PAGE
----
It’s a small wonder why companies are complaining about a lack of talent and outsourcing jobs to Asia. Why should you pay a person with the mathematical ability of a high school student an exorbitant salary when you can hire much more talented people at a fraction of the cost? Why should companies put up with mediocrity? If there was some semblance of equality in terms of ability between people in Asia and in the West, then maybe you could call it straightforward exploitation of lower costs of living in Asian countries. But when there is such a huge gap in educational standards and consequently technical knowledge, isn’t it stupid to expect companies to put up with less “able” people? Go on, think about it.

And while you’re at it, you might want to consider what the future holds for you folks in the west if the you let schools get away with the kind of nonsense covered in this article, Pupils ‘are urged to drop maths’. I think it’s criminal that schools are compromising the future careers of their students in order to boost their rankings. Why can’t they raise their teaching standards? Why should students compromise and avoid maths just to make the schools look good? It’s such a short-sighted, escapist attitude that I’m appalled that the government is letting schools get away with it? What’s the point in an education system, when the educators coerce students to avoid more difficult subjects to ensure that they look more productive quantitatively? Shouldn’t it be a qualitative evaluation???

I’ll make one observation about India in regards to this, which I’ve mentioned before several times. The lack of educational standards is a major issue here at the college level as universities are so KEEN to pump out engineers for the IT industry. They focus on ensuring that students can answer theoretical tests, but in no way prepare them for the real world. Today it’s the domain of the companies to train these students to the levels they need since the students are so inept practically. Consequently, the universities feel that they don’t need to bother with practical knowledge and continue churning out theoretical numbskulls who I can only define as a completely confused souls without ANY idea of what the software industry is really about. To them, its a cushy job in an A/C environment with plenty of cash, perks, etc. They don’t have a clue about the processes involved in the industry, the limitations of software and how to overcome them, how to approach problem solving, etc, etc, etc.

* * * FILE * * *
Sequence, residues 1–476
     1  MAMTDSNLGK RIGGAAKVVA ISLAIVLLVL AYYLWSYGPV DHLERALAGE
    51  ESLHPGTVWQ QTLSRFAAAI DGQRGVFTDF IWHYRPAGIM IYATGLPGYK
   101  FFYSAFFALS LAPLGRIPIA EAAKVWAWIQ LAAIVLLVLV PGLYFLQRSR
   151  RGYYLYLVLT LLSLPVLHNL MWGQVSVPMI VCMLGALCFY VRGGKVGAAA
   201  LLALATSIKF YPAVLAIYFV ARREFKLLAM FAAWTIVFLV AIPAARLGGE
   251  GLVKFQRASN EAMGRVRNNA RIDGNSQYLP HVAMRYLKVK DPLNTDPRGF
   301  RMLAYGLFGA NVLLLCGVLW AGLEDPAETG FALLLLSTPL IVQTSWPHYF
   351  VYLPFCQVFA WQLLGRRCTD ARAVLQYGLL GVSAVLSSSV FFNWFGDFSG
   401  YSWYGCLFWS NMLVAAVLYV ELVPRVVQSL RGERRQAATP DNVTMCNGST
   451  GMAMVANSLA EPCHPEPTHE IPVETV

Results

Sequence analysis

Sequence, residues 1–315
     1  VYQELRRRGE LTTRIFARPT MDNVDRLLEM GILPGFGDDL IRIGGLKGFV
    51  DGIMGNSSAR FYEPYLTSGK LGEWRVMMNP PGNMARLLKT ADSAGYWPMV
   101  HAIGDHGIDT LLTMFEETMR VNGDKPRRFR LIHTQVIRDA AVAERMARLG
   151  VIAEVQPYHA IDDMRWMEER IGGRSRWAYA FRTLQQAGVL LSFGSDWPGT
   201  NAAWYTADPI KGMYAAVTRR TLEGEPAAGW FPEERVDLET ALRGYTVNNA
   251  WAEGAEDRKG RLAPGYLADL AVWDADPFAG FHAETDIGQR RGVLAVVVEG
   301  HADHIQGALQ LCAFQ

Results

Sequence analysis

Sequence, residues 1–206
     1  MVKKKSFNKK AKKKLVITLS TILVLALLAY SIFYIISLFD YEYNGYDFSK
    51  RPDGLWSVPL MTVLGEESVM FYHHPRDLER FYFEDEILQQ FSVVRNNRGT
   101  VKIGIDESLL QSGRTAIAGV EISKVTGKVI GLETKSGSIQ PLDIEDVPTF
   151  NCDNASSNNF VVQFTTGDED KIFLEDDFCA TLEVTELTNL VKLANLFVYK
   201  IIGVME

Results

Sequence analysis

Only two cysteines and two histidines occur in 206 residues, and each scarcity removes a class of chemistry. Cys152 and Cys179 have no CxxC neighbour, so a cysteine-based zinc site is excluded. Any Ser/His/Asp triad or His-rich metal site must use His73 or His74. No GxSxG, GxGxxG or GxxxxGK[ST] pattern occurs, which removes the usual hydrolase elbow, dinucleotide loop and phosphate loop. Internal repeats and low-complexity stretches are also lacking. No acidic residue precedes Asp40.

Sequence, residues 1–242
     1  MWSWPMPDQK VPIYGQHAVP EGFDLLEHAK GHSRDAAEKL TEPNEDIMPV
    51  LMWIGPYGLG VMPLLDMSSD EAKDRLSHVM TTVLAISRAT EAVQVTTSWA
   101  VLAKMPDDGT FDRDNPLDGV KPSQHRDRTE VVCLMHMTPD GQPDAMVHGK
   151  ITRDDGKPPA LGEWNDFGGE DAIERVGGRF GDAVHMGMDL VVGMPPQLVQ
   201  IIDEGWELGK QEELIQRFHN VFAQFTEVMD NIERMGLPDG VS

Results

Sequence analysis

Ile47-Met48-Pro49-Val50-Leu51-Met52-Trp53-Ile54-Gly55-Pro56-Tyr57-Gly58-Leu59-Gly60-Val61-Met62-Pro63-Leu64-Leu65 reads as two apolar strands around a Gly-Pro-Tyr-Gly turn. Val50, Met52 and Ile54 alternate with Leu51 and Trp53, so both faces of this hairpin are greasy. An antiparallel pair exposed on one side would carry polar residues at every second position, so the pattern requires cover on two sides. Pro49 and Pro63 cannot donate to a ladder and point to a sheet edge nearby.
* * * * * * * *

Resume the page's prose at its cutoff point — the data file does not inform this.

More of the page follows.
If you look at the IT faculty of most universities in India outside of the IITs and such, odds are that most of the lecturers are recent graduates who have failed to get a proper job and decide to earn some money by teaching until they get a big break in the “real world”. Does this strike anyone as even sane??? Isn’t it criminal to compromise on the quality of education imparted to young minds, WHO ARE PAYING TUITION to be taught about software and programming??? What the heck can a fresh graduate even teach about the software industry to other students who are maybe 2 years younger than him/her??? Its a mad, mad, mad, mad world, and it needs to change otherwise we’ll end up like the Brits and the Yanks and face a major deterioration in our technical standards. I’ve said enough about this before so I’ll stop here on this topic. For more, browse some of my older articles, or stayed tuned. I’m sure someone will piss me off very soon and it’ll end up being related to this.

I think I’ll save the last two topics on how to take down the Indian move industry and the stupidity of the $100 Laptop Program in another post. Stay tuned.